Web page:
Yesterday, the General Conference of the United Methodist Church did the right thing and voted to eliminate something called “guaranteed appointments.” Guaranteed appointments meant lifetime job security for us ordained elders, provided we play by the rules. I imagine that any average layperson reading this would scoff: “Lifetime job security? In this economy? With declining church membership? That’s nuts!”
I hear you… But it’s not as bad as it sounds. The rule was implemented in 1956, just as the denomination was beginning to ordain women. It gave the church an incentive not to discriminate against women and, a little later, African-American clergy. (Until 1968, to the church’s shame, black Methodist clergy served churches in a segregated Central Jurisdiction.)
Guaranteed appointments were well-intentioned and, for all I know, a net-positive for the church. The unintended consequences, however, were foreseeable: How do you get rid of deadweight clergy? And doesn’t the system reward mediocrity? And how does a denomination with declining membership afford it?
The General Conference saw the writing on the wall and agreed by a large margin that lifetime job security is an idea whose time has passed. I like the way the Rev. Tom Choi, a district superintendent from Hawaii, summed up the problem:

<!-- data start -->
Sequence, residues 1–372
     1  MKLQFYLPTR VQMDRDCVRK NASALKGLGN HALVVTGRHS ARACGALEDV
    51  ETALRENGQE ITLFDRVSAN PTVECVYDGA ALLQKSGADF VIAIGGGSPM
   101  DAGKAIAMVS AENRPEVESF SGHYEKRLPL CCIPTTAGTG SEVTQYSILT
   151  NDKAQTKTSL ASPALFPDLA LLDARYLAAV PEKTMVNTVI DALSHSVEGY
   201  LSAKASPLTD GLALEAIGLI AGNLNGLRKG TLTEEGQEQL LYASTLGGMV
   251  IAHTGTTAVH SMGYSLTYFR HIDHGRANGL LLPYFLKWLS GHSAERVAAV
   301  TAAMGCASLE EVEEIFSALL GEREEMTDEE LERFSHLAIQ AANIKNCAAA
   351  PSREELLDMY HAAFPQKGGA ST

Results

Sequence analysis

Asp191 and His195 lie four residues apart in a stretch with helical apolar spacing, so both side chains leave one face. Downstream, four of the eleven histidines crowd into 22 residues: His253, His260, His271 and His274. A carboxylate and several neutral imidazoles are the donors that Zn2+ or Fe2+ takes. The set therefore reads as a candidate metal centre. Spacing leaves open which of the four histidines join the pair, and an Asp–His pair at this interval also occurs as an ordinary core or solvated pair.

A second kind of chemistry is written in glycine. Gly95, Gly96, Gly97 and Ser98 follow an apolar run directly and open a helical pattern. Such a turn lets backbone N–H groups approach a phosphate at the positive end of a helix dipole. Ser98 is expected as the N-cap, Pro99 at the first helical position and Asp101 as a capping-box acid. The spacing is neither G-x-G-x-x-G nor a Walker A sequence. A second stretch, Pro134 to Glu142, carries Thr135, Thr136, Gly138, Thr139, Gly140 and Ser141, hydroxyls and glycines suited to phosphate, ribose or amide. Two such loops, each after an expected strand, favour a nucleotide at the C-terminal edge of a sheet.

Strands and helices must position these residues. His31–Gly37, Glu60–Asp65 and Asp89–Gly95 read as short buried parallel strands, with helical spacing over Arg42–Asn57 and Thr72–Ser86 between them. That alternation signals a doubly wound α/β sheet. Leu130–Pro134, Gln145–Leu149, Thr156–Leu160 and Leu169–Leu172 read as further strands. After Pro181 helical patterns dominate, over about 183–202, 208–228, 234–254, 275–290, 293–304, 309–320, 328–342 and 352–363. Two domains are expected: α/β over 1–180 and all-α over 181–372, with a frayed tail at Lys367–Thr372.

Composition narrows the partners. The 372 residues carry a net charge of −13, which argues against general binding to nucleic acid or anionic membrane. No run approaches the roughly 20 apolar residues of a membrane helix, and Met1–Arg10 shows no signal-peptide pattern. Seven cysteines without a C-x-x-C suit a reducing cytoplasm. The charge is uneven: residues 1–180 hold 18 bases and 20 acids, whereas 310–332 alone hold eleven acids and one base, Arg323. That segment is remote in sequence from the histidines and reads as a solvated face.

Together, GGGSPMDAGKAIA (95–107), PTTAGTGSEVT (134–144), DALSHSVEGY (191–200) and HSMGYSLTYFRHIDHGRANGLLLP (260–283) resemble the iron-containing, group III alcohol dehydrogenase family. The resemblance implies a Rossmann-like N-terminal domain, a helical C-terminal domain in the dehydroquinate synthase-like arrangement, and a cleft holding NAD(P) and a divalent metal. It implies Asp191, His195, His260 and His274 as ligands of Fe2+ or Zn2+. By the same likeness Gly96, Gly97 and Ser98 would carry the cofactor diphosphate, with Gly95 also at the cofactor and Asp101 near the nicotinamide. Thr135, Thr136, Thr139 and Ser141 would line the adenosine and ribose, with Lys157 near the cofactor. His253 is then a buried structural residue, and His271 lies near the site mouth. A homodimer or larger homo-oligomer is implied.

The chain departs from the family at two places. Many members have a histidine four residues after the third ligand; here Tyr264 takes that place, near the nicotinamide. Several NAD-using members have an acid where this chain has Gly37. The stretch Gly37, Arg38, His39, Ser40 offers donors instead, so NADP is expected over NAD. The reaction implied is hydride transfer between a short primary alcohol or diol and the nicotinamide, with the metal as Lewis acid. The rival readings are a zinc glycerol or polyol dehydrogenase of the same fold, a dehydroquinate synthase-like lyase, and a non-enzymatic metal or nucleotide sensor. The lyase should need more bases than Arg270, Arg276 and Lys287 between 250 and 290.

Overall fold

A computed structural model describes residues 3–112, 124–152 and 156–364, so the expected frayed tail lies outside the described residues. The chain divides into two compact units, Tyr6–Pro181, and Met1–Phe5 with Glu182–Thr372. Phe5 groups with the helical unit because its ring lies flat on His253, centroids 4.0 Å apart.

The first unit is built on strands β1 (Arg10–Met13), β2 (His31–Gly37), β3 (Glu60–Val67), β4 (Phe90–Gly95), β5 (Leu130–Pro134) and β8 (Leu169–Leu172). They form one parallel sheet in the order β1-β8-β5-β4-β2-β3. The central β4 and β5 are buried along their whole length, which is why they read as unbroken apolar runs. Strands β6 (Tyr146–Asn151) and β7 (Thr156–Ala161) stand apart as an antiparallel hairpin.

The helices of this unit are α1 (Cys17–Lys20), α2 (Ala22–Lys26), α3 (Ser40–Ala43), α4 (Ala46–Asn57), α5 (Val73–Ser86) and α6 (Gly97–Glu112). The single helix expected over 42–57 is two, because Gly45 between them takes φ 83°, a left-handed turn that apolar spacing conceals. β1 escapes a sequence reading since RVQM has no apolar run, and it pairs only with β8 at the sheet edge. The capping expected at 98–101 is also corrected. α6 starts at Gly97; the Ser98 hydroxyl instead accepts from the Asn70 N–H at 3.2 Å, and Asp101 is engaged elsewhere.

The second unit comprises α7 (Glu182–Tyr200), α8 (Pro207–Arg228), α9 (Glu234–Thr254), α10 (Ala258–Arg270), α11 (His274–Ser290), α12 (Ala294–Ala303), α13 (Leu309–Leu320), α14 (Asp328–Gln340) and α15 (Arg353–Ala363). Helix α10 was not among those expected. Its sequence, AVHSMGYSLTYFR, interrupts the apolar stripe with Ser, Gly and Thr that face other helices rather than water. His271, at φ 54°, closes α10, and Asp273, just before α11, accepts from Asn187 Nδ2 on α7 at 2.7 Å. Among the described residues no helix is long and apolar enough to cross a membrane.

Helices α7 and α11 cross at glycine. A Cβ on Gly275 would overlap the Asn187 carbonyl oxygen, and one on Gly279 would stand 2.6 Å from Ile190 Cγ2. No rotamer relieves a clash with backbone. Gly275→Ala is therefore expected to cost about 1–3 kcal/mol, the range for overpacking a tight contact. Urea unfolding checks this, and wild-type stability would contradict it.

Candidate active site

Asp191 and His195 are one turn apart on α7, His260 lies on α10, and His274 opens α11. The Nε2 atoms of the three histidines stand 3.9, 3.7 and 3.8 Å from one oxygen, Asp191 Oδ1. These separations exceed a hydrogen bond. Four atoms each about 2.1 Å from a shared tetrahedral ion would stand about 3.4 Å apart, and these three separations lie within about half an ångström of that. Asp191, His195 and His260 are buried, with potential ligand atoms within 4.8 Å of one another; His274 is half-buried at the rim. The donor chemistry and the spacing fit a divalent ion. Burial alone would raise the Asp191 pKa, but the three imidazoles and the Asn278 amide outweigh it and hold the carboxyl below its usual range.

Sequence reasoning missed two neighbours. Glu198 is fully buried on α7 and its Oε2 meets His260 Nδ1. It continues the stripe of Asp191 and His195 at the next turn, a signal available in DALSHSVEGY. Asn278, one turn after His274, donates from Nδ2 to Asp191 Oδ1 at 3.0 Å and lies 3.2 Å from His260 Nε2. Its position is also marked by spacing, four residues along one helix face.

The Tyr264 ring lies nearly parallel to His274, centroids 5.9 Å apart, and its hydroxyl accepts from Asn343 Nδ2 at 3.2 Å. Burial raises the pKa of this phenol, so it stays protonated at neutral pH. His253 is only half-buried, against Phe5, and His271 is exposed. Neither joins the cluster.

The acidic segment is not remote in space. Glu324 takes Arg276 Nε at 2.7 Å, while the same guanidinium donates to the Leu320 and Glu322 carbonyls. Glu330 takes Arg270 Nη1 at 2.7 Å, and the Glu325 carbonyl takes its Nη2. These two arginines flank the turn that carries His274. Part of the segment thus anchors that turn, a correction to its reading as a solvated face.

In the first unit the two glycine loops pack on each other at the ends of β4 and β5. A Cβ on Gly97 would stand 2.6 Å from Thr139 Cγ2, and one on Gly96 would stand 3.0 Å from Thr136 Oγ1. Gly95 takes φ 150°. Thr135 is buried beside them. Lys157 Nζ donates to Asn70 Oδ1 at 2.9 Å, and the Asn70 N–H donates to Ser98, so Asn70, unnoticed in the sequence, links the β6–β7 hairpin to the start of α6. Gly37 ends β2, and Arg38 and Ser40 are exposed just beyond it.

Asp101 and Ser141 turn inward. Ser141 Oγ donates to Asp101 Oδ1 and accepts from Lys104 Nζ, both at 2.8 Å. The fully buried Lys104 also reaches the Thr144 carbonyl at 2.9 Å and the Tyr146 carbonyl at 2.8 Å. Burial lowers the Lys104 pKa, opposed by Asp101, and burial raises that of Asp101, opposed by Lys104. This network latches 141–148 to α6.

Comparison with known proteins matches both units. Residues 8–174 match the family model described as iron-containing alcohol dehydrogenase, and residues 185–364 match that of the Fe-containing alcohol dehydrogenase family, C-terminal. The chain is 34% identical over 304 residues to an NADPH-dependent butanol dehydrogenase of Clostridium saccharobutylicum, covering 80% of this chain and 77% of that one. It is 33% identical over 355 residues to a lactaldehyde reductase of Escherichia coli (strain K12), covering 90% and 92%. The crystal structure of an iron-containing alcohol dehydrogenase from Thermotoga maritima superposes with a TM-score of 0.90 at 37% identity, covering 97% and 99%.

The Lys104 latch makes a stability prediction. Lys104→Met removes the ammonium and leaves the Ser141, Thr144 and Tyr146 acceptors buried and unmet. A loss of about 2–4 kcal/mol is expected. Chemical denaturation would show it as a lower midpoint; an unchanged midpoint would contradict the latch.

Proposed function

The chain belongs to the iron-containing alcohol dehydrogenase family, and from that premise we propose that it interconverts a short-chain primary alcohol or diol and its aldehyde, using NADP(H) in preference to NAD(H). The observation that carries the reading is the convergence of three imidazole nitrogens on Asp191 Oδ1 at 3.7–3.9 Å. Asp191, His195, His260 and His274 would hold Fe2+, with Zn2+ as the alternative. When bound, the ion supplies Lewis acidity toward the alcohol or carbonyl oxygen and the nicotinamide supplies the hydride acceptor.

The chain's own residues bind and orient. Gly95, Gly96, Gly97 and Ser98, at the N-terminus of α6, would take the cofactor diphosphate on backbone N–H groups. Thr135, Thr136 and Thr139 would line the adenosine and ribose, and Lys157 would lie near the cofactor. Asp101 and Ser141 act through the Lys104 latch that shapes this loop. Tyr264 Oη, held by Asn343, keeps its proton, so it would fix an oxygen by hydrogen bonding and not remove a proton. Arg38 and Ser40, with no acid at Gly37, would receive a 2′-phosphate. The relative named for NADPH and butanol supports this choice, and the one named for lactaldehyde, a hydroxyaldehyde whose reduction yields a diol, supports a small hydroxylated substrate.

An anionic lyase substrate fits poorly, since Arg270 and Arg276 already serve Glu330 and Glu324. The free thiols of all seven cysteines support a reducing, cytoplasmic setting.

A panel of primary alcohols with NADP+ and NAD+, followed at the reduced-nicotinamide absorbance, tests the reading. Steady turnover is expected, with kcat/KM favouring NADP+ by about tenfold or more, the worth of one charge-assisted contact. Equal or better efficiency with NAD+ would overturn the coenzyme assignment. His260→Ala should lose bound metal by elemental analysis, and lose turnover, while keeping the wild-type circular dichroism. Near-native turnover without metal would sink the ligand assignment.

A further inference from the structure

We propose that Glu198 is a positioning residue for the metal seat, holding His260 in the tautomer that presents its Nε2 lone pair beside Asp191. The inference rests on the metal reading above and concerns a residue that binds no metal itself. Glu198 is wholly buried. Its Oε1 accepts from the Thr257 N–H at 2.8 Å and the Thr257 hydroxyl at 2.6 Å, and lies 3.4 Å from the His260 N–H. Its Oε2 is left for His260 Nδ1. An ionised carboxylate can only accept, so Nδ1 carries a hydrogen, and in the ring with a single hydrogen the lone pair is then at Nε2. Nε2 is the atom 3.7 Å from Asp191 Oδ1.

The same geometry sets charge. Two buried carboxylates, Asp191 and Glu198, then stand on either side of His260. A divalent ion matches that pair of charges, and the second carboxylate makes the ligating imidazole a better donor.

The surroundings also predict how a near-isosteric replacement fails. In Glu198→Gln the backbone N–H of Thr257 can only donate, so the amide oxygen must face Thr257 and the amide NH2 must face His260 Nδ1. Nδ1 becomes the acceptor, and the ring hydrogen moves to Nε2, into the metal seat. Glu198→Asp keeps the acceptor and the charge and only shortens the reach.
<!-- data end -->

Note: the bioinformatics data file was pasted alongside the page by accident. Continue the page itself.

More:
These days, the group most protected by security of appointment is ineffective clergy. To that point, I have sometimes felt that there has been a distortion to a line in the Covenant Prayer in the Wesleyan Tradition: “Let me be employed for Thee, or laid aside for Thee.” The cynical side of me thinks that a handful of elders and associate members have the attitude of “Let me be employed for Thee, or let me be employed for me.”
Rev. Choi went on to say that he doesn’t think the new rule will affect many clergy. I hope so. As for myself, I assume that when the cheetah comes running, I won’t be the slowest antelope. But more importantly, as Choi’s comment implies, we need to trust in God, not in the institution of the United Methodist Church. Only God offers true security, whether we are “employed for Thee or laid aside for Thee.”
I know, I know… I’m writing as a white male, married, family… I enjoy the privileges of my particular social location, one of which is that I’m not normally a target for hiring discrimination. Easy for me to say, “Let’s get rid of guaranteed appointments.” I get that.
Still, I know myself. I know my own tendency to live in such a way that I don’t require faith most of the time. I want to trust in my own strength—my own skills, my own intelligence, my own money, my own resources. Guaranteed appointments are one more hedge between myself and God. Thank God they’re gone! It will teach me to trust a little bit more.
I also know how easy it is to become complacent and self-satisfied. I know how easy it is to live, work, and minister without a sense of urgency for the gospel. Things are going pretty well for me in my ministry right now. That’s good enough, right?
I hope not. Thank God the UMC will expect more from me and my fellow elders.